Election 2016 has turned out to be a veritable field day for armchair psychologists—and some professionals, too. This is largely thanks to the unorthodox candidacy of Donald J. Trump. Almost from the moment his campaign rolled out, Trump was tagged in the media as a narcissist, or, even a textbook case of “narcissistic personality disorder.” Others, including Tony Schwartz, co-author/ghostwriter of Trump’s bestselling The Art of the Deal, have described Trump’s fleeting attention span and restless fidgeting (“like a kindergartner who can’t sit still”) in ways that suggest Attention Deficit Hyperactivity Disorder (ADHD). And last week, David Brooks, a conservative columnist for the New York Times, declared that Trump was “psychologically off the chain” with disordered speech patterns that exhibit the “flight of ideas” seen in mania.
Hillary Clinton is not prone to blatant braggadocio or outrageous outbursts, but critics have persistently questioned her utter disregard for State Department rules on email security. Her biggest critics paint her as a “pathological liar.”
Is there anything to such labels? If psychiatrists could directly examine the mental health of the candidates, would any of these diagnoses stick?
And what about another label, one that, if anything, sounds even scarier? To what degree do the modern candidates for President resemble psychopaths
That is the question Oxford University psychologist Kevin Dutton examined for the September/October issue of Scientific American Mind. Dutton, author of The Wisdom of Psychopaths among other books, shows that the eight qualities that define psychopathy in the psychological literature are commonly found in top politicians. And some of them are quite useful.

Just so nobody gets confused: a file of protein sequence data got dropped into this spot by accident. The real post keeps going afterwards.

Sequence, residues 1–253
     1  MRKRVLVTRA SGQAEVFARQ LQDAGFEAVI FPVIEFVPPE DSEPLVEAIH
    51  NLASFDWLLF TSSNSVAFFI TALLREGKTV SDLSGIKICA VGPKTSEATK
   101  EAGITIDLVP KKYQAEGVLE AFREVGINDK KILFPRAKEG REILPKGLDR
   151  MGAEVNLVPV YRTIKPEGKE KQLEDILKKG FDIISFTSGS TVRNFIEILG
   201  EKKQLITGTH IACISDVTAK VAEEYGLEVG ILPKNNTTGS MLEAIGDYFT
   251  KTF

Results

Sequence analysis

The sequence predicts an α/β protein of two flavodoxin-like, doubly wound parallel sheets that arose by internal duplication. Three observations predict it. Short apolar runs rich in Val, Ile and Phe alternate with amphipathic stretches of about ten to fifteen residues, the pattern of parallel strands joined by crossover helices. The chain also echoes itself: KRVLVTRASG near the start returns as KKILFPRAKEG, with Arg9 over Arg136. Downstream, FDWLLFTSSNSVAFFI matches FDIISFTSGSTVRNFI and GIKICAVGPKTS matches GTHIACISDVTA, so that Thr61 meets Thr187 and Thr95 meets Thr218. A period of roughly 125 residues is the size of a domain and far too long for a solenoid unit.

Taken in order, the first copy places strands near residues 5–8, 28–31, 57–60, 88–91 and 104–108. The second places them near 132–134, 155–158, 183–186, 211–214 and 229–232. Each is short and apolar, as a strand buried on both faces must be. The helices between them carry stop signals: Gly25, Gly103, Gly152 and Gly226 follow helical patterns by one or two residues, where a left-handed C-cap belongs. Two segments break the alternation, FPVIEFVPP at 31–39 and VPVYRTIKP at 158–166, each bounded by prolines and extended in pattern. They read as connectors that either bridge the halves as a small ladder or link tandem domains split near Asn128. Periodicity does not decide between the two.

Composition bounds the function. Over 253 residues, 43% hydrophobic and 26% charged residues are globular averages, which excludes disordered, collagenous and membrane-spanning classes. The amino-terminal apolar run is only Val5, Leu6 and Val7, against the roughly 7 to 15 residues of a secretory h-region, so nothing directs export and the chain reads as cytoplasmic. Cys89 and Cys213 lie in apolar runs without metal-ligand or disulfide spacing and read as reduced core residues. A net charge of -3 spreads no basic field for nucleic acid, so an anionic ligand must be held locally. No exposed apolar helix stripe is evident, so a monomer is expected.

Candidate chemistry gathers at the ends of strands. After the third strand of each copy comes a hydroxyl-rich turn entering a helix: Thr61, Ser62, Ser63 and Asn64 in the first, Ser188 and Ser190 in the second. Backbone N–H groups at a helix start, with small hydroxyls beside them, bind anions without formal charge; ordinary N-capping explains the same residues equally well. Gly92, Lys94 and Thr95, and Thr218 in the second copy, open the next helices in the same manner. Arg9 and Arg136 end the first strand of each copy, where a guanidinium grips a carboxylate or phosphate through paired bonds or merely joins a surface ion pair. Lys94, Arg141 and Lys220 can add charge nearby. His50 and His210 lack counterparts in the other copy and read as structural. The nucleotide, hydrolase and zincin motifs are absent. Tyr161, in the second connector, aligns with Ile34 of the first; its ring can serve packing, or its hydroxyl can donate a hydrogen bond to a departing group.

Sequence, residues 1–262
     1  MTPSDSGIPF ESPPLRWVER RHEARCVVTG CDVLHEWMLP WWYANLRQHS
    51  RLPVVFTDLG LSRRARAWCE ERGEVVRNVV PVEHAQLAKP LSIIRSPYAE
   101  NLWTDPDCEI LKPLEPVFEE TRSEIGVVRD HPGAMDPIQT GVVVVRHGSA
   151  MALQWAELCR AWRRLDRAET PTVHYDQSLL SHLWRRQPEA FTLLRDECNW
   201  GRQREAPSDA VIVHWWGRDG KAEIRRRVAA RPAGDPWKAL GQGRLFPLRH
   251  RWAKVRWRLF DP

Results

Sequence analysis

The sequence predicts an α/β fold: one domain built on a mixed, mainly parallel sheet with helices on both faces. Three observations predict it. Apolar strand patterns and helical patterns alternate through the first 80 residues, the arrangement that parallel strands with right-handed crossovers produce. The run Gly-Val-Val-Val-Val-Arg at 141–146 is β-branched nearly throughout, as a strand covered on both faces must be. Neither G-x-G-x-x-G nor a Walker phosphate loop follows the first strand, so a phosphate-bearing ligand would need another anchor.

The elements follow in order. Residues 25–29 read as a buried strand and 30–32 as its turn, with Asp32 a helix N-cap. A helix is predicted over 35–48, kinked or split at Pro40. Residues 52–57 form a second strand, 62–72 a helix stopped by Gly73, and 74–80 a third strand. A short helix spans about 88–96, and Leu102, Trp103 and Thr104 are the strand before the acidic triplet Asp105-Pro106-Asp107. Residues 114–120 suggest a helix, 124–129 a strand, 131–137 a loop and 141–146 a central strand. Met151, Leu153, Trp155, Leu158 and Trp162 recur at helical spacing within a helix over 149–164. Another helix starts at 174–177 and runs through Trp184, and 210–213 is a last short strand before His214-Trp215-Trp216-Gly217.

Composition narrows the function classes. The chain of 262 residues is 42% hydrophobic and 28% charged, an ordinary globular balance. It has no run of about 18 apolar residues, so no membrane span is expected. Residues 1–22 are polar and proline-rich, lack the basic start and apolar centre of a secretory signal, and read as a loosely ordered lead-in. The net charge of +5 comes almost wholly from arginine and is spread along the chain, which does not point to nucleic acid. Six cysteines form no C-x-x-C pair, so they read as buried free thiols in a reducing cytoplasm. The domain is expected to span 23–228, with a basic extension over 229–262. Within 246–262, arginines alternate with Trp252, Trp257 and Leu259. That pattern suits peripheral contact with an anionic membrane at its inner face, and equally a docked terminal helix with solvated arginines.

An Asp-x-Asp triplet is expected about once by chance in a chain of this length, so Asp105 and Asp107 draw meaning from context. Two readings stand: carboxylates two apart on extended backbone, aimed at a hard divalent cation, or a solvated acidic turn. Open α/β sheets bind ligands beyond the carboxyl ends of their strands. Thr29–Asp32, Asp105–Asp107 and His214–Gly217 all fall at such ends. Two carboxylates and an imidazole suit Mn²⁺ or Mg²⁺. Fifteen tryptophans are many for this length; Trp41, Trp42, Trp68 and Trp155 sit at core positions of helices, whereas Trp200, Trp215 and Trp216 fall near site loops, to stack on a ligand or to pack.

In his article for Mind, Dutton compared Trump, Clinton and runners-up Ted Cruz and Bernie Sanders to 16 historical leaders in terms of their scores on the short revised form of the Psychopathic Personality Inventory (PPI-R)–a standardized assessment of psychopathic traits. The form was completed on behalf of the candidates by a seasoned political reporter and, for the historical figures, by biographers or other scholars.
The table below reveals each subject’s scores for psychopathy’s eight component traits. The first three traits—social influence (SI), fearlessness (F) and stress immunity (STI), known collectively as the Fearless Dominance traits—tend to be strong in successful leaders. The next four qualities, collectively called Self-Centered Impulsivity, can be more problematic: Machiavellian Egocentricity (ME), Rebellious Nonconformity (RN), Blame Externalization (BE) and Carefree Nonplanfulness (CN). The eighth trait is Coldheartedness (C), which can be helpful in making tough decisions such as sending a nation’s youth to war but is dangerous in excess.
While there is no set score that officially renders someone a psychopath, it’s revealing to see who scores in the top 20 percent of all people who have been evaluated with the PPI-R. The table highlights those with scores in this upper quintile, which are somewhat lower for women than for men.
The verdict on the candidates: Trump, Clinton and Cruz all scored in the upper quintile in Self-Centered Impulsivity and Coldheartedness. Trump landed in the top 20 percent across the board on psychopathy traits, with a total score that placed him between Idi Amin and Adolf Hitler.
To read more of Kevin Dutton’s analysis and to see how all 42 Presidents preceding Barack Obama scored in psychopathy, see the Sept/Oct issue of Scientific American Mind, available on newsstands and on Scientific American.com.
Here is a chart that shows how some of this year's candidates match up with leaders throughout history.